On Tuesday, a top US health official urged the American public, for the first time, to begin preparing for “severe” disruption to their daily lives. Nancy Messonnier, director of the CDC’s National Center for Immunization and Respiratory Diseases, told reporters during a conference call that the agency now believes a sustained US outbreak of the coronavirus is likely inevitable. “The data over the last week showing the spread of Covid-19 in other countries has raised our concerns and raised the expectation that we are going to have community spread here,” she said.

In addition to Italy, South Korea, and Iran are both experiencing explosive new outbreaks, suggesting that the coronavirus is picking up steam elsewhere in the world, even as it slows down in China, where more than 77,000 people so far have gotten sick and 2,663 have died. In the US, 14 people who’ve traveled from China, or their close contacts, have so far been diagnosed. Another 43 US residents returning from other parts of the world have been infected and since repatriated and quarantined, Messonnier said. Most of them caught the virus onboard the ill-fated cruise ship Diamond Princess.

On Monday, the White House sent lawmakers a request for $2.5 billion in emergency funding that would pay to prepare for a potential coronavirus outbreak. The funds would also go to accelerating vaccine development and procuring equipment and supplies, a White House budget office spokeswoman told the Associated Press. Democrats in Congress have said it’s not enough, citing the need for expanding lab capacity, beefing up additional airport screening, and reimbursing the Pentagon, which is currently housing quarantined evacuees from China on several military bases.

Since the US Centers for Disease Control and Prevention began quarantining US citizens returning from Hubei earlier this month, nongovernmental groups have been chipping in. The American Red Cross has provided those individuals with support items, including blankets, snacks, and stuffed animals. A spokesperson for the organization declined to answer specifics about supporting additional quarantine efforts, telling WIRED only that it is closely monitoring the evolving situation and working with government agencies and state officials to determine what Red Cross support may be needed in the coming days and weeks.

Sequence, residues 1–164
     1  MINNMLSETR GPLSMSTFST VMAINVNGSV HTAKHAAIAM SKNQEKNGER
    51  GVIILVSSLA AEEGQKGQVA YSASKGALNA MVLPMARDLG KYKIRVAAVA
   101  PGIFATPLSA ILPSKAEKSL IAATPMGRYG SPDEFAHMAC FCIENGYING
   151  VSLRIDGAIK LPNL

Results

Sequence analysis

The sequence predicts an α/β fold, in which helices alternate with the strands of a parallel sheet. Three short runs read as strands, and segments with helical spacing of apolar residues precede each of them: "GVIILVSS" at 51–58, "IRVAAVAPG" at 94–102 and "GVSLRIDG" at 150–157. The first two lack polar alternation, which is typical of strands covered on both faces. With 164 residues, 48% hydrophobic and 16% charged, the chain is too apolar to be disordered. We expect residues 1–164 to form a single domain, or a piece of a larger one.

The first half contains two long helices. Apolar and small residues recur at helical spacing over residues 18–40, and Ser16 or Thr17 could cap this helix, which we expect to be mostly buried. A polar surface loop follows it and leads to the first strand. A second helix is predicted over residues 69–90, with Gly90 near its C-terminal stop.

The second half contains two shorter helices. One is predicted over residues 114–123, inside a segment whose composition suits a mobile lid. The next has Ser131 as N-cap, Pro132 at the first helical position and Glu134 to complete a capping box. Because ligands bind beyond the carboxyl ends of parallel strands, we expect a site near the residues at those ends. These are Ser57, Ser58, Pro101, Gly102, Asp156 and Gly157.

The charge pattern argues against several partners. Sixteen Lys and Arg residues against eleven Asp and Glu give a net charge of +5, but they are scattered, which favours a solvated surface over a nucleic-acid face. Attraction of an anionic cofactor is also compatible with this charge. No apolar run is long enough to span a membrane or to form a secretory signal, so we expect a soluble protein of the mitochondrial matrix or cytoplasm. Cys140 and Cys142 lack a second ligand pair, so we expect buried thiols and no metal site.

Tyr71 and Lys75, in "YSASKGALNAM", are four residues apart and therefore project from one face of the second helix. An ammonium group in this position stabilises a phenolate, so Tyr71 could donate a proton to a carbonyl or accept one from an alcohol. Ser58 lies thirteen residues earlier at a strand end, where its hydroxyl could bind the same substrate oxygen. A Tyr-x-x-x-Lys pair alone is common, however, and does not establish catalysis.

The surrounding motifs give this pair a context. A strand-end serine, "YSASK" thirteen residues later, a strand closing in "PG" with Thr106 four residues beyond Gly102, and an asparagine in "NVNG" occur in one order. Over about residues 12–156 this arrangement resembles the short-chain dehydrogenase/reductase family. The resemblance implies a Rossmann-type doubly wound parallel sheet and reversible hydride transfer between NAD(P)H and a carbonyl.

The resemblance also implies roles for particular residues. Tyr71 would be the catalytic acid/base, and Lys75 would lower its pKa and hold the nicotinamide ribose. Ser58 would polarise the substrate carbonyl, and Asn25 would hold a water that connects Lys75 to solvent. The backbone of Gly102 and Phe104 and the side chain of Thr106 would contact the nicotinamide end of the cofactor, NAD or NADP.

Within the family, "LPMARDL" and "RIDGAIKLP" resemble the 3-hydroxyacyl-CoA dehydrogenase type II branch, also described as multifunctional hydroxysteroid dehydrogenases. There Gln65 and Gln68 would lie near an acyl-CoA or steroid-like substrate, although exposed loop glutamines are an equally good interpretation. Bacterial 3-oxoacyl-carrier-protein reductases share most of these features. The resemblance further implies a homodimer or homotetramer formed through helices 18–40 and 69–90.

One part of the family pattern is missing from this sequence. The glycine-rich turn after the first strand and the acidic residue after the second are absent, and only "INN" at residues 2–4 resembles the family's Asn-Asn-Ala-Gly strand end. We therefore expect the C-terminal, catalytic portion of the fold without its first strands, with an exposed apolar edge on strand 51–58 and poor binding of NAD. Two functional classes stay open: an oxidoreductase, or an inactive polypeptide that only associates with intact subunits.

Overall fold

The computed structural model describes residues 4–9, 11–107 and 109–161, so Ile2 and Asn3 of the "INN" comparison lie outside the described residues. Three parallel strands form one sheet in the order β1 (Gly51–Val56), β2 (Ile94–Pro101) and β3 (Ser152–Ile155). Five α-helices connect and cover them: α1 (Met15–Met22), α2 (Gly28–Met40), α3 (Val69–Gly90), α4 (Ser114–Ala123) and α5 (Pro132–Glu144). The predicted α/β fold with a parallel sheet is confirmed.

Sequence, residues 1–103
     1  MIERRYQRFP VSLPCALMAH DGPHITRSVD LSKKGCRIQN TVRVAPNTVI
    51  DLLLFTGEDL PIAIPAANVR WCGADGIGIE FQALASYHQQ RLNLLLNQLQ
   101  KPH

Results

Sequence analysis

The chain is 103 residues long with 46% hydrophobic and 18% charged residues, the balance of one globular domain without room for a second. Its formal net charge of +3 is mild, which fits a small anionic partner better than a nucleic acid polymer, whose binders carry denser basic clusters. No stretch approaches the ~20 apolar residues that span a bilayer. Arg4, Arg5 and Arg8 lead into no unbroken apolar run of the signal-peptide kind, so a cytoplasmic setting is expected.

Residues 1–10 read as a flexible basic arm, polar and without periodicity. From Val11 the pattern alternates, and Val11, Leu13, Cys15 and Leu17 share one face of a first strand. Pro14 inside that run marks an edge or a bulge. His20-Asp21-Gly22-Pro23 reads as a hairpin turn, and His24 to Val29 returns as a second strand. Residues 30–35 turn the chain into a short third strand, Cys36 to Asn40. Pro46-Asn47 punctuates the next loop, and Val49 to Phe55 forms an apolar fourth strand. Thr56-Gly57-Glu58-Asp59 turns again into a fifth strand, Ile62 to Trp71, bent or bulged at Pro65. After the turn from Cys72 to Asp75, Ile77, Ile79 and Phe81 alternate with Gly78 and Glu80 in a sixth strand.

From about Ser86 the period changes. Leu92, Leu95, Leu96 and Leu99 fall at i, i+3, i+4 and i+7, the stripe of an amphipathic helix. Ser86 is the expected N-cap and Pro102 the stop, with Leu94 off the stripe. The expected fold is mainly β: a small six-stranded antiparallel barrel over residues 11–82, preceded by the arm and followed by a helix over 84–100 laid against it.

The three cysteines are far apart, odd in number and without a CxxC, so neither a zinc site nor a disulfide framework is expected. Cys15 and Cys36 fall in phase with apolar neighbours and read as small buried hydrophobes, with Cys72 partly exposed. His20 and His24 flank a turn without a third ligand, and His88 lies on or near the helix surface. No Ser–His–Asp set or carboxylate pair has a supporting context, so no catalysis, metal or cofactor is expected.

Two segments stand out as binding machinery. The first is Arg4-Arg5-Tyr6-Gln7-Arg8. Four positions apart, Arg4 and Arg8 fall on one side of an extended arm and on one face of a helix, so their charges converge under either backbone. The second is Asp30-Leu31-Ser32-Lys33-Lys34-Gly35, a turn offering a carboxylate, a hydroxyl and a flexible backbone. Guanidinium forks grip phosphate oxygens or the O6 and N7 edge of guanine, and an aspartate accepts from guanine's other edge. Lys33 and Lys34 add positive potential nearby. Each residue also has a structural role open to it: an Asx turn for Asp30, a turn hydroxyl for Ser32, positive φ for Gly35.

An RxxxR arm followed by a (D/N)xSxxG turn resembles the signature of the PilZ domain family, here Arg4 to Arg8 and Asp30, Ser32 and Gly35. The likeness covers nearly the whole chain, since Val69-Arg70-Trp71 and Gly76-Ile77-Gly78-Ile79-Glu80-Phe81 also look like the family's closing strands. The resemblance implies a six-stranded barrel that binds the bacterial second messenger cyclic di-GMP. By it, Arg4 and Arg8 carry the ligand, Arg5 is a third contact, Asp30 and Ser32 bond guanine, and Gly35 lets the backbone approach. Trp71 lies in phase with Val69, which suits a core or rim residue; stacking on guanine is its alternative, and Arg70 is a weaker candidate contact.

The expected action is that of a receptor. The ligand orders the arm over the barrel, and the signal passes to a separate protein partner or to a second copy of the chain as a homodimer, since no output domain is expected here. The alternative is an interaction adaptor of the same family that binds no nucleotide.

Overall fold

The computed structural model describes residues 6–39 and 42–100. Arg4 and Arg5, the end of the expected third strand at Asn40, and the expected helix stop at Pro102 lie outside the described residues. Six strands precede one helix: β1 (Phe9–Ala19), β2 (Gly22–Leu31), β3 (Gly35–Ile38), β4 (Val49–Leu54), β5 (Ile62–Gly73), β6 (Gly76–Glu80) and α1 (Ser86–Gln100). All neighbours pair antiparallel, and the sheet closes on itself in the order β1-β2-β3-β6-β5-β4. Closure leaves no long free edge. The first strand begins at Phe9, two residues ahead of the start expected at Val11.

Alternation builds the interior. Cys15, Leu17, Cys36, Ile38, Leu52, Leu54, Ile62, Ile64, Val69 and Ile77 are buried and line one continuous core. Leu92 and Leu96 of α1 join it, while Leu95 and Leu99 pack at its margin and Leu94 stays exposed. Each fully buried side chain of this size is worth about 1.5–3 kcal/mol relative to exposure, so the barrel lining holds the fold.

Earlier this month, the US Food and Drug Administration fast-tracked a test developed by the CDC for diagnosing Covid-19. But technical issues with the kits have prevented their wide-scale rollout to the nation’s public health labs. As of Tuesday, only 12 labs in addition to CDC have testing capacity, said Messonnier. While there are currently no vaccines or drugs approved to treat Covid-19, researchers are moving swiftly to identify potential treatments, including a DARPA-backed search for protective antibodies that could be used for short-term protection by health care workers and the families of sick people.

According to Messonnier, the CDC is now evaluating non-pharmaceutical measures that could be employed to slow the spread of the virus. Potential interventions include environmental interventions such as surface cleaning and disinfecting, as well as more intrusive social distancing strategies like closing schools, canceling mass gatherings, and asking sick people to voluntarily stay home. She said the agency will be working with state and local public health departments to provide a tailored approach for different locations, depending on the circumstances.

In anticipation, Messonier asked citizens to start contacting their employers, health care networks, day care providers, and children’s schools about contingency plans in the event of an outbreak in their community. “I understand this whole situation may seem overwhelming, and the disruption to everyday life may be severe,” she said. “But these are the things that people need to start thinking about now.”

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